Aliyah from Arab countries

From 1948 until the early 1970s, around 900,000 Jews from Arab lands left, fled, or were expelled from various Arab nations. In the course of Operation Magic Carpet (1949–1950), nearly the entire community of Yemenite Jews (about 49,000) immigrated to Israel. Most of them had never seen an airplane before, but they believed in the Biblical prophecy that according to the Book of Isaiah (40:31), God promised to return the children of Israel to Zion on "wings".

In three and a half years, the Jewish population of Israel had doubled, inflated by nearly 700,000 immigrants, which was one of the causes of the austerity. Huge numbers of Jewish refugees were temporarily settled in "cities of tents" called Ma'abarot. As the residents were gradually absorbed into Israeli society, the Ma'abarot were phased out.
Many Israeli immigrants were Sephardi and Mizrahi Jews who left Arab countries to move to Israel. In many of these cases they had been persecuted and sometimes forced to leave their homes. 114,000 Jews came from Iraq in 1951 in Operation Ezra and Nehemiah.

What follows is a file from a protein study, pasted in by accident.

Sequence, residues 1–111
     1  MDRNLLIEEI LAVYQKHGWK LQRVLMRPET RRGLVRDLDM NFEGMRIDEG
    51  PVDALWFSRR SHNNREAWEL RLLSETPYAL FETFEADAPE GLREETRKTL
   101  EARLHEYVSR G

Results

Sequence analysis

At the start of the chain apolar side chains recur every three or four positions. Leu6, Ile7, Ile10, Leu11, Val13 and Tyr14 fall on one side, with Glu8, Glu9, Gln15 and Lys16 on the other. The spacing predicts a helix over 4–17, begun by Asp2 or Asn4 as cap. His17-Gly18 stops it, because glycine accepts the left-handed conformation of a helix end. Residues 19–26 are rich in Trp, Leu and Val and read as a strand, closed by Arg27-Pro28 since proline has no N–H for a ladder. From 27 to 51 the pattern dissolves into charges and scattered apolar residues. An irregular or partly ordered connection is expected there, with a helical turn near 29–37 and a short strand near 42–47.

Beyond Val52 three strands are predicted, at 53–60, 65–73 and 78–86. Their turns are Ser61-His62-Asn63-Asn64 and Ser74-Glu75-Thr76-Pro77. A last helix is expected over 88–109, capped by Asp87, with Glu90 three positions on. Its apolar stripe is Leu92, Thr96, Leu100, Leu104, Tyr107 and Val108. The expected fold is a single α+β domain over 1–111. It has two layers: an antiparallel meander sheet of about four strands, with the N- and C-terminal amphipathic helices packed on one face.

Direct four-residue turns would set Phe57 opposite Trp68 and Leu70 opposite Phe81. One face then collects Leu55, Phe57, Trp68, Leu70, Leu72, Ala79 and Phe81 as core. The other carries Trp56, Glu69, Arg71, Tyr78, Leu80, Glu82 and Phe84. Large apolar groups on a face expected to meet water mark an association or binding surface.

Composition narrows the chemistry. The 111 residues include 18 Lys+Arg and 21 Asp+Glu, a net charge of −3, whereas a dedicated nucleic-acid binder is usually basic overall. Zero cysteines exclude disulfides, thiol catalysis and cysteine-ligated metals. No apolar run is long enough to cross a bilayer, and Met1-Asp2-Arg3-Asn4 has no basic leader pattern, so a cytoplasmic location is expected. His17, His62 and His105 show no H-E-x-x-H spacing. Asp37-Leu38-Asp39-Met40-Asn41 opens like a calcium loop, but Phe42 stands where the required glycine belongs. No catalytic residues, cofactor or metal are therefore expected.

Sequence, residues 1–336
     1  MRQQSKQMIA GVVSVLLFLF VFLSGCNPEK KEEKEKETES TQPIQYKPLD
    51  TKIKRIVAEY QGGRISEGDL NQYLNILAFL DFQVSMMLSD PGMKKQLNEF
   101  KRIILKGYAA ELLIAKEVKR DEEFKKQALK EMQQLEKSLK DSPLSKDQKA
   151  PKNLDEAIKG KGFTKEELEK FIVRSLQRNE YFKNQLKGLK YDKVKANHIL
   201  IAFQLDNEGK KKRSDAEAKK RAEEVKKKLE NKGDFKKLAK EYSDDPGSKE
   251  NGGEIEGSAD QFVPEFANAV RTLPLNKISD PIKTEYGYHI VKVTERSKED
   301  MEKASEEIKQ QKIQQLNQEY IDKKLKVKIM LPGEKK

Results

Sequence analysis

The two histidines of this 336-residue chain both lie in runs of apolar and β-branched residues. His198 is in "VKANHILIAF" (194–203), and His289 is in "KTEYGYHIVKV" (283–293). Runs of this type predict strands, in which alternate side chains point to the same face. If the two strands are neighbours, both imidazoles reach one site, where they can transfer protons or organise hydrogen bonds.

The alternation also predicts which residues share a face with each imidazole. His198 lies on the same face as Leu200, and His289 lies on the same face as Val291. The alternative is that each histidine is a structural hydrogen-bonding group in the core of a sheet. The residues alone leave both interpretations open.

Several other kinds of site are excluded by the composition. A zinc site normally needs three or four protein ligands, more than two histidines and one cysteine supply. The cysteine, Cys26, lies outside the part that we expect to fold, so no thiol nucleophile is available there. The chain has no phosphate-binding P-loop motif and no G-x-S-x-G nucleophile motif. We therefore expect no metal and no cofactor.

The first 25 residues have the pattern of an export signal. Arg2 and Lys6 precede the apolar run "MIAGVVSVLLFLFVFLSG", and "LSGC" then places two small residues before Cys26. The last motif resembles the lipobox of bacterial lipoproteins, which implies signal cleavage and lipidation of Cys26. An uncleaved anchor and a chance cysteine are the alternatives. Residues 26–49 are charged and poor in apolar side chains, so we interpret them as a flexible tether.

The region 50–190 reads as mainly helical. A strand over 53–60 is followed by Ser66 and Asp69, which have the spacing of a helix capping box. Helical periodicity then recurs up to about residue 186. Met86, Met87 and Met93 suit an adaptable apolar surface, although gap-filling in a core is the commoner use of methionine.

Nowadays (article for 2011)

Jews in Arab countries in no hurry to make Aliyah

The small Jewish communities in Tunisia, Yemen and Egypt have shown little enthusiasm for offers to assist them in making Aliyah to Israel, despite repeated efforts to convince them of the peril of their situation or the improvement in their quality of life should they emigrate.
Jews in Yemen reportedly don't feel like they're in any danger, despite the turmoil raging in their country, and even those who do want to leave prefer to go to the UK or other Western European countries rather than Israel.

Tunisia's 1,500 strong Jewish community has also not been moved by an Absorption Ministry report made available to them which states in part "The regime change in Tunisia as a result of the Jasmine revolution...has brought about the Islamization of the government and rise in anti-Semitism."
The Israeli government has also increased the financial assistance it gives to Tunisian immigrants, but so far there are few takers. "For the last 65 years we have always had some leave," Roger Bismuth, the president of the Tunisian Jewish community, said last week. "Lately, I haven't even heard of people leaving. I'm here with my business, family and children."


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